Fertility Topics Explained from the Experts at SFS
Ovarian reserve refers to the reproductive potential left within a woman’s two ovaries based on number of eggs (oocytes). If you have diminished ovarian reserve, this means that the number of your eggs is lower than expected for your age. Although the relative quality (chromosomal normalcy or competency) of eggs in DOR patients may also be compromised, we often see quality being more aligned with a patient’s age rather than her number of eggs.
Normal aging causes most cases of diminished ovarian reserve, but genetic defects (Fragile X), X chromosome deletions, cancer treatments that collaterally damage oocytes (chemotherapy or radiation), ovarian surgery (usually to remove cysts associated with endometriosis), and cigarette smoking can cause DOR as well. In many cases there is no apparent direct cause for the relative decrease in ovarian reserve, but an autoimmune etiology is suspected as often these cases are associated with autoimmune diseases such as Hashimoto’s thyroiditis or autoimmune adrenal failure.
According to the American College of Obstetricians and Gynecologists, these are the average number of eggs you have at each age:
Fertility doctors use all this information to determine whether a woman’s ovaries are “acting their age.” This information is critical to becoming pregnant and planning for either fertility treatment or fertility preservation. It is important to remember that even though women may have oocytes present in their ovaries until they hit menopause, the 5 to 10 years preceding menopause are characterized by subfertility in which fertility treatments are often required to overcome their issues.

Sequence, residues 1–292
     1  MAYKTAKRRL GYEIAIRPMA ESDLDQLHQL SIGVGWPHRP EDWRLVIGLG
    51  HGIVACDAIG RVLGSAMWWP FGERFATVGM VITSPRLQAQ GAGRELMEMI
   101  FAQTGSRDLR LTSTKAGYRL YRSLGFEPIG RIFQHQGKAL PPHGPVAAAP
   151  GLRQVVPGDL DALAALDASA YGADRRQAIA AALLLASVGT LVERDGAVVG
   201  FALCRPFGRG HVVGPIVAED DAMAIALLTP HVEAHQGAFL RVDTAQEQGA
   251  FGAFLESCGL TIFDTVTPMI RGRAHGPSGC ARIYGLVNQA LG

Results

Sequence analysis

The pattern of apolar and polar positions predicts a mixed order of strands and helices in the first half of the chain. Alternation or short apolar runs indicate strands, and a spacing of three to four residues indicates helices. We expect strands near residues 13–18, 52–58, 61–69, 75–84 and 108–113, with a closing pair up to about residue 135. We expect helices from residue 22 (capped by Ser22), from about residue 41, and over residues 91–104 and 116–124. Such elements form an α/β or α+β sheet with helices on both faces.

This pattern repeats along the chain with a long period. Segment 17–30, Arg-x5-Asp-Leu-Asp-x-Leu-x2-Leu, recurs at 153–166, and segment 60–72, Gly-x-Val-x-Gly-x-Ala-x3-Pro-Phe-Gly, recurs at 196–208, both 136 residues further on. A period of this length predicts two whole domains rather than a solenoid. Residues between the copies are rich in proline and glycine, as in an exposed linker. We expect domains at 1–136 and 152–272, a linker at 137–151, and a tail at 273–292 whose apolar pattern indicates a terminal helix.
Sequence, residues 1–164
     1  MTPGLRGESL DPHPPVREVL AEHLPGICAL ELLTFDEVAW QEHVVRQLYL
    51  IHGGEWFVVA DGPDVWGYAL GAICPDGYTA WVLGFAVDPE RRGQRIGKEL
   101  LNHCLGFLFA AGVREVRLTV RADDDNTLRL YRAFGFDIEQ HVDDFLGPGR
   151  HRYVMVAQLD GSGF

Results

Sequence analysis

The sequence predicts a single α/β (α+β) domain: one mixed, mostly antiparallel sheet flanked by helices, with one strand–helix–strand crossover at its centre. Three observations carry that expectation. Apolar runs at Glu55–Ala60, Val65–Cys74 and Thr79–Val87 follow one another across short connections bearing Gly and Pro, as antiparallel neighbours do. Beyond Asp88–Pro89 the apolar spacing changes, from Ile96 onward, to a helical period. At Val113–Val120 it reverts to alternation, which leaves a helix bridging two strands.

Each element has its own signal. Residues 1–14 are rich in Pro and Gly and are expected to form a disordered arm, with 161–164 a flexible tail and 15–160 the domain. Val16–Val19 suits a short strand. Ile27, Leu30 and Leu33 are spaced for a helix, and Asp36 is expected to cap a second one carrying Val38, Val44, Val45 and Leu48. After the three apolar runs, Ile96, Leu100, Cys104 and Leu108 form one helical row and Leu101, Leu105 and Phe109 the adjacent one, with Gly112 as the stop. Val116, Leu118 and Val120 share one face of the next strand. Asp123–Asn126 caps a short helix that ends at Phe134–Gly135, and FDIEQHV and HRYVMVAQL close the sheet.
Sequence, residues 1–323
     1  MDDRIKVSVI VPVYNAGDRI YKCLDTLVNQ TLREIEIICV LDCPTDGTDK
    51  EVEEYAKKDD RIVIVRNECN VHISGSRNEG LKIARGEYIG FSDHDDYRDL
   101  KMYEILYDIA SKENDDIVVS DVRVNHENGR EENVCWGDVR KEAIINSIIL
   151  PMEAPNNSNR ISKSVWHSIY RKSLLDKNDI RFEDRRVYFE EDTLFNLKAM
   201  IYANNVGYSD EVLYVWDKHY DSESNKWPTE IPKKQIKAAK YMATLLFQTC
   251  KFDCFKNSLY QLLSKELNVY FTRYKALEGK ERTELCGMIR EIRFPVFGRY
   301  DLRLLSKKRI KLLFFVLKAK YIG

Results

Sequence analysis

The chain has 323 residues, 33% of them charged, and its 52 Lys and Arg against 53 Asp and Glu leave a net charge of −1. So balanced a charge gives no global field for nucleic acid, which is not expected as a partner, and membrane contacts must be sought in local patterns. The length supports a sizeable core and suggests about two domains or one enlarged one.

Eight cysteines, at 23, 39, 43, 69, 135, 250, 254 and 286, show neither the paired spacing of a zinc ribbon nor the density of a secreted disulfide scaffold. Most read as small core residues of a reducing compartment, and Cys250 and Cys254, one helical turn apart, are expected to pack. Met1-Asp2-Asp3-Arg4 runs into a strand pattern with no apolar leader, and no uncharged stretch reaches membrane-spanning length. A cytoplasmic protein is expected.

There are several non-invasive tests you can have to determine your ovarian reserve. While there’s no way to reverse diminished ovarian reserve, there are many fertility treatment options your doctor can offer you.
Most Commonly Used Ovarian Reserve Testing Options:
Should you get your ovarian reserve tested? The answer is a resounding YES for anyone who is having trouble getting pregnant. Moreover, I recommend ovarian reserve testing in young women annually, even if they are not interested at that time in conceiving, simply because we now have the ability to reliably freeze oocytes to preserve future fertility to a very significant extent. Should you see signs of a prematurely diminishing egg reserve, the egg freezing option is certainly worth considering and a consult with a fertility specialist to get the details may prove valuable.
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